Myenteric nerves innervating the internal sphincter muscle of the anus produce and release nitric oxide, the chemical messenger that mediates relaxation of this muscle. Nitroglycerin, which is locally metabolised to nitric oxide, lowers the mean resting pressure of the anal sphincter when applied topically to the anus. Nitroglycerin

Nitroglycerin promotes healing by decreasing pressure in the anal sphincter and concurrently increasing blood flow. For an acute fissure, NICE guidelines recommend 0.4% GTN as a second line treatment option if only supportive measures are not effective after 1 week of treatment, as a proportion of acute anal fissures heal spontaneously within 2 weeks. For chronic fissures, intra-anal application of GTN (also called glyceryl trinitrate, GTN) ointment directly to the IAS helps in fissure healing in approximately 50% [37]. Commonly used preparations come in either 0.2 or 0.4% strengths. Different doses ranging from 0.05 to 0.4% have been studied and the dose has not been shown to effect healing in three studies which compared different doses [38, 39, 40].

Headache is the main side effect occurring in at least 30% of treated patients [37]. Typically, these headaches last for no more than 30 min and occur 10–15 min after application. Hypotension is another side effect, brought about by vasodilation. It causes dizziness and thus, susceptible patients should lie down after application of the ointment to avoid dizziness. Topical GTN should be avoided within 24 h of taking erectile dysfunction medications such as Sildenafil.

A large Cochrane review compared the efficacy of 17 different therapies and concluded that topical GTN is better than placebo for anal fissures and is equivalent to botulinum toxin (BTA) injection and topical calcium channel blockers. GTN tends to cause more side effects, specifically headache [23]. Other medications and treatment options

Parasympathomimetic medications such as Bethanechol and Indoramin (alpha blocker), beta agonists like Salbutamol, natural products like Myoxinol ointment [41], egg yolks [42], and injection of sclerosing agents [43] have been tried with varying results.

Use of percutaneous posterior tibial nerve stimulation has also been suggested as a safe and effective alternative [44, 45, 46]. Studies have shown it to be some ways superior to GTN ointment for the treatment of chronic anal fissure. In a prospective randomised study of 40 patients who had persistent anal fissures despite 6 weeks of supportive measures, patients were randomised to either perianal application of GTN ointment (twice daily for 8 weeks) or percutaneous posterior tibial nerve stimulation (30–min session 2 days per week for 8 weeks). After 8 weeks of treatment, the healing rate in the percutaneous posterior tibial nerve stimulation group was 87.5 vs. 65.0% in the GTN ointment group. There were no side effects or treatment withdrawal in the nerve stimulation group as compared to 15% withdrawal in the GTN group due to headache [44]. Botulinum toxin A

The British Medical Journal (BMJ) best practice recommends using botulinum toxin (BTA) if topical agents are unsuccessful. BTA is used for performing a chemical sphincterotomy. The major effect of BTA on the IAS is blockade of sympathetic (noradrenaline mediated) neural output. This is probably a postganglionic action, involving a reduction in noradrenaline release at the neuromuscular junction causing short-term paralysis of the IAS, resulting in a reduction in anal tone [47, 48]. It can be used to treat acute and chronic anal fissures. The site of injection is still not clear and different sites have been tried (directly under the fissure or in both sides of the fissure or circumferential injections). There is no dosage or injection site with evidence of superiority. A meta-analysis shows there is no dose-dependent efficiency. The postoperative incontinence rate is not related to the dosage regardless of the type of formulation of BTA used. Also, there is no difference in healing rates with regard to the site and number of injections per session [49]. BTA has been shown to give comparable results with internal vs. external anal sphincter injection. One explanation of this is possible diffusion of the toxin from EAS to IAS [50, 51]. A second injection for an unsatisfactory response to the initial injection has shown good results where healing rates are around 60–95% after the second session of injections, with recurrence rates of 12.5% at 6 months and with no reports of anaphylaxis [23, 52, 53]. The effect is thought to last about 3 months until nerve endings regenerate allowing acute fissures (and sometimes chronic fissures) to heal and symptoms to resolve [54]. The incidence of postoperative incontinence (5–10%) [23, 49] (both faecal and flatal) needs to be considered and patients counselled regarding same.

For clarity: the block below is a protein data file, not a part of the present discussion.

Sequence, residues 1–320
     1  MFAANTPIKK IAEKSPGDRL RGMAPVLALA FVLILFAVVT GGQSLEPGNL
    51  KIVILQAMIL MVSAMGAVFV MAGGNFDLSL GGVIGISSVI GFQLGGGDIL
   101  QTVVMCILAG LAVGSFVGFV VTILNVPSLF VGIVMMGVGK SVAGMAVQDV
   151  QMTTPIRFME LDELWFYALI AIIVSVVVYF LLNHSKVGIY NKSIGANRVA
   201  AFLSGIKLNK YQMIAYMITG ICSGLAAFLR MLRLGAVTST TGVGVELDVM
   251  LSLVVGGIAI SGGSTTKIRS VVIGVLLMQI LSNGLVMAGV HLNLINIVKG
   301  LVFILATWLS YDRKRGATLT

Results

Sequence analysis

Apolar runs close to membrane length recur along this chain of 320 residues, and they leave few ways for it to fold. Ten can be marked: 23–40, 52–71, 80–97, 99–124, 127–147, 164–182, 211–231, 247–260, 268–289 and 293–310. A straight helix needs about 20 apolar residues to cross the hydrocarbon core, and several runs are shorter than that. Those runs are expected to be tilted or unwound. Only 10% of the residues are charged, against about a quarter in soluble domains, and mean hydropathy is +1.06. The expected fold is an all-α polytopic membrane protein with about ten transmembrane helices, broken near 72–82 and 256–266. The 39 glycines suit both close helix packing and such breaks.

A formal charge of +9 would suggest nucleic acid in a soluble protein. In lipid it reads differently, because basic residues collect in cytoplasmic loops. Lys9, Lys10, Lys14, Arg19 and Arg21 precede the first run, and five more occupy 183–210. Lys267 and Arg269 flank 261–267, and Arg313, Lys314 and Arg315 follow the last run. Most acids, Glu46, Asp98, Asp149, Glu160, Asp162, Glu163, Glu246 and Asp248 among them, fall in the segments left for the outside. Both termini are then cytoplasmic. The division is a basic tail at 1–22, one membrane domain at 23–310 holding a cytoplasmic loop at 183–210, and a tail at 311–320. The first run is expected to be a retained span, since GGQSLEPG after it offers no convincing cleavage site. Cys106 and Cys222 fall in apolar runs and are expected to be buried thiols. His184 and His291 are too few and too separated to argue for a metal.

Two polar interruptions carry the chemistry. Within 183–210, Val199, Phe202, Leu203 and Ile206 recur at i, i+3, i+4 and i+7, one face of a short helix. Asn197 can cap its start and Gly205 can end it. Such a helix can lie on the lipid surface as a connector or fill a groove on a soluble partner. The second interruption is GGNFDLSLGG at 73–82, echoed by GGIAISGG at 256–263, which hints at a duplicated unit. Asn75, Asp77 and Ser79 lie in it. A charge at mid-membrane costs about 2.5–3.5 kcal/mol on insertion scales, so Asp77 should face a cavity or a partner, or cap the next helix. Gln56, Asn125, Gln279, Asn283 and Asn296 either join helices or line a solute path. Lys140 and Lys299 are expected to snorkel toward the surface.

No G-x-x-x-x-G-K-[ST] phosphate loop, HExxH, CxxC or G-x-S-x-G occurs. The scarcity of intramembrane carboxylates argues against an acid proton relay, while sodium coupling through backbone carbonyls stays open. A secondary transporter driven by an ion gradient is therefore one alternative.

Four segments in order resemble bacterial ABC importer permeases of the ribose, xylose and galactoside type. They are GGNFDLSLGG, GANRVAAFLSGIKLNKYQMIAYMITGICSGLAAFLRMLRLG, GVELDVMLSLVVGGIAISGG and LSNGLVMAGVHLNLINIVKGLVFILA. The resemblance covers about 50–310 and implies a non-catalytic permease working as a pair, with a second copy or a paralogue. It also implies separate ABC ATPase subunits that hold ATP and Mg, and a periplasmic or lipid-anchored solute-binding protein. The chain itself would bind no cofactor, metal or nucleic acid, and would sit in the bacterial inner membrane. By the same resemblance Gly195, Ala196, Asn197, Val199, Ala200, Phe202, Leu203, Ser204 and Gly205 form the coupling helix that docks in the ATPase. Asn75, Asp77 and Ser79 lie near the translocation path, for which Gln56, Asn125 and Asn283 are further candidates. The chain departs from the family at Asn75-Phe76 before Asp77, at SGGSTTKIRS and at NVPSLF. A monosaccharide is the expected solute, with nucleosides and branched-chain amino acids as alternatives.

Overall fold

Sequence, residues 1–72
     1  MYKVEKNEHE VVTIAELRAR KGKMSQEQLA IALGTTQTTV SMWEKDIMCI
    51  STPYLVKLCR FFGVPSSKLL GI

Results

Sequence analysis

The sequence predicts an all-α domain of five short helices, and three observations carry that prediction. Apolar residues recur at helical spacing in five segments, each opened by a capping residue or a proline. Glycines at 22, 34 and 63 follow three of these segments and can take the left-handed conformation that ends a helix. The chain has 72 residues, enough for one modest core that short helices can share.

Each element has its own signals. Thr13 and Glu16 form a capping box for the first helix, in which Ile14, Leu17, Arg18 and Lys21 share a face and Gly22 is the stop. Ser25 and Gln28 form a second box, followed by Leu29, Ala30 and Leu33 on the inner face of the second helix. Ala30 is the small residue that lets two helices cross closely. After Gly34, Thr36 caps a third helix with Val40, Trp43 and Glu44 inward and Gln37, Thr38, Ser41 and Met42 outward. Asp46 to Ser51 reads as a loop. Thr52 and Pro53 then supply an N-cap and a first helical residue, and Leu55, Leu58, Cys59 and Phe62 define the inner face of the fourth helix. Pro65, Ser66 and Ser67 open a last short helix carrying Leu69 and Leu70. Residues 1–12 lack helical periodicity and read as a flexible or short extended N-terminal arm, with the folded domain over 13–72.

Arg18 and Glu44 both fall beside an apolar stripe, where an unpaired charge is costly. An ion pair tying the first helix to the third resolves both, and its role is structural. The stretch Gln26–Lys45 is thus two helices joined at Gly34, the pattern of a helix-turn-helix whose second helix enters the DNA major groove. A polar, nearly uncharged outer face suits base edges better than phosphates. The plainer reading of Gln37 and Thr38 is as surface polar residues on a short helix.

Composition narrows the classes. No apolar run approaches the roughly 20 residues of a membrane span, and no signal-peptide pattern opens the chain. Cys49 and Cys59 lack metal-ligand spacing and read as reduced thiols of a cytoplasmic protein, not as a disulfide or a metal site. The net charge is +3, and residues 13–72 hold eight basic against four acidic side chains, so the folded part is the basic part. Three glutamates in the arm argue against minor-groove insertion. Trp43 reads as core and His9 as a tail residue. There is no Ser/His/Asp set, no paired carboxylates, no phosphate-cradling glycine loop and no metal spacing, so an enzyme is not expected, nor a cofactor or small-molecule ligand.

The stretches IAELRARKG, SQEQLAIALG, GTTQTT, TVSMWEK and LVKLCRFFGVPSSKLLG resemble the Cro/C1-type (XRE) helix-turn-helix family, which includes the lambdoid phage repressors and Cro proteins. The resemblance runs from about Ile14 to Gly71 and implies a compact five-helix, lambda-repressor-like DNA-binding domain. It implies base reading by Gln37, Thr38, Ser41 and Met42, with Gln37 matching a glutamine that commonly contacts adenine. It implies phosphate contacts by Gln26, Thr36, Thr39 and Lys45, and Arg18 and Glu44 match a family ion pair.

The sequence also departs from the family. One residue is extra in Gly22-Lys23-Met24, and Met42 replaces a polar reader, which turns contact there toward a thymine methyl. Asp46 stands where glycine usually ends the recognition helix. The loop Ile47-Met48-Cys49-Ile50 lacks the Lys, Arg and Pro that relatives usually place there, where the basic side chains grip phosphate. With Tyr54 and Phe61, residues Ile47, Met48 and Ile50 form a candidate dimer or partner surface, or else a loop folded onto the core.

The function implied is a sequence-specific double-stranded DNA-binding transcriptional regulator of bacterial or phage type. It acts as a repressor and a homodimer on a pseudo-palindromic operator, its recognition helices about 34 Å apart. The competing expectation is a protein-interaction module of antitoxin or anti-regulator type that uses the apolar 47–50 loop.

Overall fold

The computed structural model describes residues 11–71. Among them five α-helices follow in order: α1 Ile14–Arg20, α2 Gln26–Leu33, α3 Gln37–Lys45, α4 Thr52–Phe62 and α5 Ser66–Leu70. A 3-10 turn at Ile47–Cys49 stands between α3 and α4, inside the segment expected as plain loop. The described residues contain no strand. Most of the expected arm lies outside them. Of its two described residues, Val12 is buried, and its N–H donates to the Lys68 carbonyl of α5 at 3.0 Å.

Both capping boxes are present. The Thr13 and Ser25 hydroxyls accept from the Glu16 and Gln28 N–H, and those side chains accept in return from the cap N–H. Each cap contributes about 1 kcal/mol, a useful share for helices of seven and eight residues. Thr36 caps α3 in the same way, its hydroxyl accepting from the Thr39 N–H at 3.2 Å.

In an updated systematic review and meta-analysis of randomised controlled trials, BTA was associated with fewer side effects than GTN but there was no difference in fissure healing or recurrence, although there was an increased incidence of transient anal incontinence [55]. Haematomas and subcutaneous infections are other commonly reported but infrequent side effects. A double-blind randomised controlled trial that compared topical diltiazem with BTA demonstrated that BTA has better healing rates in the short term but after 3 months diltiazem and BTA resulted in similar healing rates. Also, no significant difference in pain reduction was observed between the treatments [54]. ASCRS reports that BTA has similar results compared with topical therapies as first-line therapy for chronic anal fissures, and modest improvement in healing rates as second-line therapy following treatment [56]. Summation of pharmacological management